Smooth muscle cells (SMCs) are a crucial cellular component of many parts of the body, including blood vessels, the intestines, and the lungs. SMCs in the blood vessels are involved in several causes of heart disease and understanding how SMCs are generated is important for designing therapies for such diseases. It is also knowledge that could be used to engineer tissues in the laboratory, for example new blood vessels for use in bypass surgery.
In a study that appears online on November 9, in advance of publication in the December print issue of the Journal of Clinical Investigation, Catherine Verfaille and colleagues at the University of Minnesota Medical School, Minneapolis, show that SMCs can be generated from multipotent adult progenitor cells (MAPCs) isolated from the bone marrow of rats, mice, pigs, and humans.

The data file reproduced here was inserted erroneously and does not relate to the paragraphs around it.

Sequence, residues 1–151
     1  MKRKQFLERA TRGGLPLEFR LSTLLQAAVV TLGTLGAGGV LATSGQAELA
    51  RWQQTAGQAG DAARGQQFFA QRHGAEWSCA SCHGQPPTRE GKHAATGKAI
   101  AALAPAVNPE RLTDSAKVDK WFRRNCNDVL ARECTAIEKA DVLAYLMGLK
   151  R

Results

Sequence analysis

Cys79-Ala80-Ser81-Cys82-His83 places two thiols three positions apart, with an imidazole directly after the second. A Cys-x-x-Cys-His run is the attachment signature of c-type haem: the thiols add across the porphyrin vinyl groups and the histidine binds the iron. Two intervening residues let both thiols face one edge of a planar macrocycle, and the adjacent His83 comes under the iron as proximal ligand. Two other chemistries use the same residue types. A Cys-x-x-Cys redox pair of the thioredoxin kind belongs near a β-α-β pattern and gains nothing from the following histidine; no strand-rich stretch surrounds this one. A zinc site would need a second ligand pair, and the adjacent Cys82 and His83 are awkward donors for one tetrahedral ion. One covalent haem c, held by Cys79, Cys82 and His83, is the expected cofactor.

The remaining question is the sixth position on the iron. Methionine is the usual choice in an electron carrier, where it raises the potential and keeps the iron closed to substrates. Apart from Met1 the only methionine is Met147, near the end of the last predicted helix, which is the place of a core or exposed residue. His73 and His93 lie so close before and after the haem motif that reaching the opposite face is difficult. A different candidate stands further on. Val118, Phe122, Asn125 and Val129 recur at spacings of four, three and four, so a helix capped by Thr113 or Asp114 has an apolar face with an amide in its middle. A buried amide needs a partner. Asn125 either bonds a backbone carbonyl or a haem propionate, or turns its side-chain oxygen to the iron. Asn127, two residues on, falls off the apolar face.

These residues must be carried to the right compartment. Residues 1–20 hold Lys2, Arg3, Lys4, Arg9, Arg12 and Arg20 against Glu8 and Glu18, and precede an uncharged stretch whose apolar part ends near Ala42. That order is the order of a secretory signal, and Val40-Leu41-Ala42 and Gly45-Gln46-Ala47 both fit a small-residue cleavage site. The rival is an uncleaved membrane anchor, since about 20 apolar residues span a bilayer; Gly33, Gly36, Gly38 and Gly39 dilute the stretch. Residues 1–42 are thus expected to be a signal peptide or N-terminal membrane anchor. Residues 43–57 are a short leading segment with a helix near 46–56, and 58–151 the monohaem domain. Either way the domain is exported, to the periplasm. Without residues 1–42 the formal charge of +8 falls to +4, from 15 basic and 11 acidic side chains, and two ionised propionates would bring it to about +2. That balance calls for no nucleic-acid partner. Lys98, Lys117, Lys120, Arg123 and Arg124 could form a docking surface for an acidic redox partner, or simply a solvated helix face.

These cells only generated SMCs if exposed to the soluble factor TGF-beta or TGF-beta and another soluble factor PDGFB. SMC development from MAPCs occurred along the normal pathway of SMC development and the cells that were generated had all the functions of normal SMCs.
This study therefore identifies a model system for studying the effects of potential therapeutics on SMC development and SMCs. It also describes a potential source of SMCs for engineering tissues.
Materials provided by Journal of Clinical Investigation. Note: Content may be edited for style and length.
Cite This Page: